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Porsche adds 718 designation to Boxster and Cayman for 2016

Published: 10 December 2015

► 718 is new number for Boxster, Cayman
► Mid-life update brings turbo 4cyl engines
► 718 Boxster and 718 Cayman due 2016

Porsche has announced that its Boxster and Cayman models will soon get a number as well as a name. That number is 718 – which Porsche fans will immediately recognise from the firm’s racing history as the designation given to a series of open-top racing cars between 1957 and 1962.

The name change coincides with a mid-life makeover that is also set to introduce four-cylinder turbo engines. The Porsche 718 Cayman and Porsche 718 Boxster will join the modern line-up in 2016.

Read CAR's first drive of the first Porsche 911 in the CAR+ archive from 1965.

What’s this about turbo engines in the new Boxster and Cayman?

We began reporting on Porsche’s new family of flat-four turbo engines back in 2014, and spotted the updated ‘981.2’ Boxster out testing them in August this year. Our initial information was that the range would span from 1.6 to 2.5 litres, but more recent information suggests the 718 Cayman and Boxster will use 2.0-litre and 2.5-litre variants initially.

We expect the regular Cayman and Boxster to be powered by the 2.0-litre, producing approximately 240bhp, while the S and GTS variants will use the 2.5, with 300bhp and 370bhp, respectively.

The new 718 Boxster out on test

As this suggests, the turbos will replace the current naturally aspirated line-up in its entirety. So no more six-cylinder Boxsters or Caymans – although we’ve got our fingers crossed for a reprieve when it comes to the next GT4 model…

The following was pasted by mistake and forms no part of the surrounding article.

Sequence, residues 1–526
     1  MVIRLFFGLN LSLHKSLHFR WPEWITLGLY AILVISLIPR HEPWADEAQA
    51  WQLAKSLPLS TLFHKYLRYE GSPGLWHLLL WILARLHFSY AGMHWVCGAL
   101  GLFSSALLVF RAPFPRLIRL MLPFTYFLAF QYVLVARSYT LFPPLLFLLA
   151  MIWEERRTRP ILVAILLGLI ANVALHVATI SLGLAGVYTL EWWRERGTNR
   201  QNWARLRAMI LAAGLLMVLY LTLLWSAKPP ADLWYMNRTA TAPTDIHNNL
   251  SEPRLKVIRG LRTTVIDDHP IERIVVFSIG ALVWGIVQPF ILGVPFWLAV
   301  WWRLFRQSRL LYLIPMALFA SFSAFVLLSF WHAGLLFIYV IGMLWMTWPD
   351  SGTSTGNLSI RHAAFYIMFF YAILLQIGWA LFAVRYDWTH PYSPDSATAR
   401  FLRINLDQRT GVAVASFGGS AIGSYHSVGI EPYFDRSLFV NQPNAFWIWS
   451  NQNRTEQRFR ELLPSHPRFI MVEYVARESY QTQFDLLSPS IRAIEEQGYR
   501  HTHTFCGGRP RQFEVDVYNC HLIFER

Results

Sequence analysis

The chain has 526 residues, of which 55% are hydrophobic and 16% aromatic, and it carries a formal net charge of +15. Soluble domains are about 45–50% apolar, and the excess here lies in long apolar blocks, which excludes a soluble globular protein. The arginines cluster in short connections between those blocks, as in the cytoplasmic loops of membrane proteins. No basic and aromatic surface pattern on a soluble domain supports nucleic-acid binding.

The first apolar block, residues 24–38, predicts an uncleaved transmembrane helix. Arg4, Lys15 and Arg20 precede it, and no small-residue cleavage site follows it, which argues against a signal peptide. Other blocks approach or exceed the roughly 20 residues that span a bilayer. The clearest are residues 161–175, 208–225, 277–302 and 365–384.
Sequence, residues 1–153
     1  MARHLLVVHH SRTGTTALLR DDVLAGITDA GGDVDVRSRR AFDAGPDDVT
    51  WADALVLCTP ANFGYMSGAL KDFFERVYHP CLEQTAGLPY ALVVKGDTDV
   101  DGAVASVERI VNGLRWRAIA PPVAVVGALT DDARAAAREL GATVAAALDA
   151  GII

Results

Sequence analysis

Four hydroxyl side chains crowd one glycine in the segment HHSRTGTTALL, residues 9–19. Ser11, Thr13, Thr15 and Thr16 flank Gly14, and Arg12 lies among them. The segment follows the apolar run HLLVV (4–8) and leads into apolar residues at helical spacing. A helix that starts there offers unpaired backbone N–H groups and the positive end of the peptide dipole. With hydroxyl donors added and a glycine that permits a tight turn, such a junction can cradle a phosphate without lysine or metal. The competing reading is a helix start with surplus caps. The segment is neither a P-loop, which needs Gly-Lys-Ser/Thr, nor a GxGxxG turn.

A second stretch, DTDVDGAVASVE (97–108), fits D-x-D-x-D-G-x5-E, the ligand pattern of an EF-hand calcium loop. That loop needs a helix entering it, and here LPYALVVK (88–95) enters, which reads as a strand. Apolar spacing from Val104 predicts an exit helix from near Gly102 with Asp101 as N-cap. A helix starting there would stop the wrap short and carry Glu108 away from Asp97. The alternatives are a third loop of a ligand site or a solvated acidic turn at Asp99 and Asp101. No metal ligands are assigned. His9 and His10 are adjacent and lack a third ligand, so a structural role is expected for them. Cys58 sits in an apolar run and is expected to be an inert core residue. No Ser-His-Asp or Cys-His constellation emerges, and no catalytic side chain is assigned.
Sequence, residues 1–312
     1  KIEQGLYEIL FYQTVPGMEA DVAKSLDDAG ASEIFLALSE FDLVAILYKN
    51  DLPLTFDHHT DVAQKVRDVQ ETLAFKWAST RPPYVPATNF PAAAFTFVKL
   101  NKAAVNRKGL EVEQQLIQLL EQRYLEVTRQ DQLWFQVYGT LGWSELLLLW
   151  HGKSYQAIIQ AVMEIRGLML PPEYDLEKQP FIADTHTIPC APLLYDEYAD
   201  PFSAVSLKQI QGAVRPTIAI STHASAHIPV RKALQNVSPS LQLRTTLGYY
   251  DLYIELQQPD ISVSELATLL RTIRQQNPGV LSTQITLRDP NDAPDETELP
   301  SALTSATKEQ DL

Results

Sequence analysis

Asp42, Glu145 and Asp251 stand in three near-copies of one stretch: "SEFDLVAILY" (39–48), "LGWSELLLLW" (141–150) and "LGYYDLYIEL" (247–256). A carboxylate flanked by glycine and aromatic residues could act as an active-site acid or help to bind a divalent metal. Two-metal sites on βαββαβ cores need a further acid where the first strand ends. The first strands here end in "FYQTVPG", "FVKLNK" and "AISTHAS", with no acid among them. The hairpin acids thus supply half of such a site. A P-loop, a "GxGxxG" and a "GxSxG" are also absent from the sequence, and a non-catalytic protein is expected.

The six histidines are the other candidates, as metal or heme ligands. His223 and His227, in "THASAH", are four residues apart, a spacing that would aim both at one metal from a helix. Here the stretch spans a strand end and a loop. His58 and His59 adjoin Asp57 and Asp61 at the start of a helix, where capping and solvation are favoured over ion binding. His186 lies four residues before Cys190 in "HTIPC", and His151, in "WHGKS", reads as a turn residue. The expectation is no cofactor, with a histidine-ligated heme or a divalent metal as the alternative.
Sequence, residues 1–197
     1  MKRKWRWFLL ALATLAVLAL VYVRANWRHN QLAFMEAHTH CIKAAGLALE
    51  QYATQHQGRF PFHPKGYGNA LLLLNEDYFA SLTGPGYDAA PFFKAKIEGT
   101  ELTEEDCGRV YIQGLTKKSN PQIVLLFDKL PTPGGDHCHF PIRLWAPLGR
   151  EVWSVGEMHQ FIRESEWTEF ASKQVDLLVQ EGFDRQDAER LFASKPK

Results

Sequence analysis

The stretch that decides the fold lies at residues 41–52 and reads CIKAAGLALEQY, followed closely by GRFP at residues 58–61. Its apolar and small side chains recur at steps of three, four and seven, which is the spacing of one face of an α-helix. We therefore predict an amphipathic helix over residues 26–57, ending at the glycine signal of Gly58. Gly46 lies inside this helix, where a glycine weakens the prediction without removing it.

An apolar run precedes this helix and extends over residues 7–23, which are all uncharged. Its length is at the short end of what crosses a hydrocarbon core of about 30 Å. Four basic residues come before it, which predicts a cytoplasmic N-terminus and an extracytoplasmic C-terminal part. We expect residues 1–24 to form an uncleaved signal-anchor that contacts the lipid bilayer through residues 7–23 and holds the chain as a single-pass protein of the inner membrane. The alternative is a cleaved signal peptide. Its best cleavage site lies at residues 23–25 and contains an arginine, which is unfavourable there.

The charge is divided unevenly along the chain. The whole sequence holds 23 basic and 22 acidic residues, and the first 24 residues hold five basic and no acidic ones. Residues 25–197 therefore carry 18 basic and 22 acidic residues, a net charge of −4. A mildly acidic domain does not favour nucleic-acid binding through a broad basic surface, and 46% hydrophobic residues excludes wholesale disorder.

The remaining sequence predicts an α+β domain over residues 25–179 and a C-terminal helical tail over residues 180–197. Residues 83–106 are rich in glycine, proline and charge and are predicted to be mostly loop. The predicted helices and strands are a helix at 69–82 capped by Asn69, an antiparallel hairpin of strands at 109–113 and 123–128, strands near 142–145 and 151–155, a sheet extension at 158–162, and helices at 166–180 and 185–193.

Oh Porsche, what have you done? CAR's first encounter with the 991.2 all-turbo Porsche 911 on CAR+.

And the 718 Cayman is really going to be cheaper than the 718 Boxster?

According to Porsche, absolutely: ‘The Roadster will be positioned at a higher price level than the Coupé – as is done for the 911 models.’

This reverses the current situation, which has always seen the more heavily performance orientated Cayman priced higher than the Boxster. Although to be honest, there’s not very much in at all these days, with present pricing opening at £39,553 for the Boxster and £39,694 for the Cayman. We suspect the difference might be greater come the 718s’ introduction next year…

Has Porsche much history with four-cylinder cars?

Loads. In fact, the very first Porsche car, the 356, was a four-pot, as were early 911s, and there have been plenty of four-cylinder Porsche since then. Bringing things bang up to date, the 919 Hybrid LMP1 racer that won Le Mans and the overall FIA World Endurance Championship this year also uses a 2.0-litre four-cylinder turbo engine, albeit in unusual V4 configuration.

The early 718s that have donated their digits to the updated Cayman and Boxster were the direct descendants of the legendary Porsche 550 Spyder, and started life as four-cylinder, two-seater, open-top racing cars. Highly successful in competition, the underlying ‘RSK’ chassis even suited single-seater conversion, which eventually lead to the 718 competing in Formula One. And there was even a 718 GTR Coupé, thus the figure suits the Cayman as well.

By CJ Hubbard

Former CAR magazine associate editor, road tester, organiser, extremely variable average wheel count

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